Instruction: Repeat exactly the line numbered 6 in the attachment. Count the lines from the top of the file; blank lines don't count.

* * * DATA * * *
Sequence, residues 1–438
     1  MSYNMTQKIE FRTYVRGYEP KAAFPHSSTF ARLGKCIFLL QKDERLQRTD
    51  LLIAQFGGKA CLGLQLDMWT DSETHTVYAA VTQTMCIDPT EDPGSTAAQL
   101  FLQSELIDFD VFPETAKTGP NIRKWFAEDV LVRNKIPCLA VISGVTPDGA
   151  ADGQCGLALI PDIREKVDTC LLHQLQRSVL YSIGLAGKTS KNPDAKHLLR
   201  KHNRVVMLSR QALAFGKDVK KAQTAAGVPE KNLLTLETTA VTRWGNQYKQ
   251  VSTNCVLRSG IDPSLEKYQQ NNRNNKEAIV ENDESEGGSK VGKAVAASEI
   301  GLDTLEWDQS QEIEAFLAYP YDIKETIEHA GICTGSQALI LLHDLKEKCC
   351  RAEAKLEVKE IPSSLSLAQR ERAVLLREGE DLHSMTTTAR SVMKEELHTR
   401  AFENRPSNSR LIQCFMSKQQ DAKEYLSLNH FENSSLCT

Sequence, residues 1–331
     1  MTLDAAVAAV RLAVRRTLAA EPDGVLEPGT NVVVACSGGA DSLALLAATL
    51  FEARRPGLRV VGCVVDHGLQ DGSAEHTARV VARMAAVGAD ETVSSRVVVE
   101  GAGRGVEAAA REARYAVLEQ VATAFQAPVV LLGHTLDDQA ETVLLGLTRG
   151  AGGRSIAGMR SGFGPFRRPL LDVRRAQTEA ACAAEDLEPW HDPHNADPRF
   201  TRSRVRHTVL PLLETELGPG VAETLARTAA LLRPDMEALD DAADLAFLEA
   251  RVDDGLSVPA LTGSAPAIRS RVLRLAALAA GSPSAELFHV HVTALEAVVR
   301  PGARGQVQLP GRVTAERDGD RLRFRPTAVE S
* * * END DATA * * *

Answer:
   201  KHNRVVMLSR QALAFGKDVK KAQTAAGVPE KNLLTLETTA VTRWGNQYKQ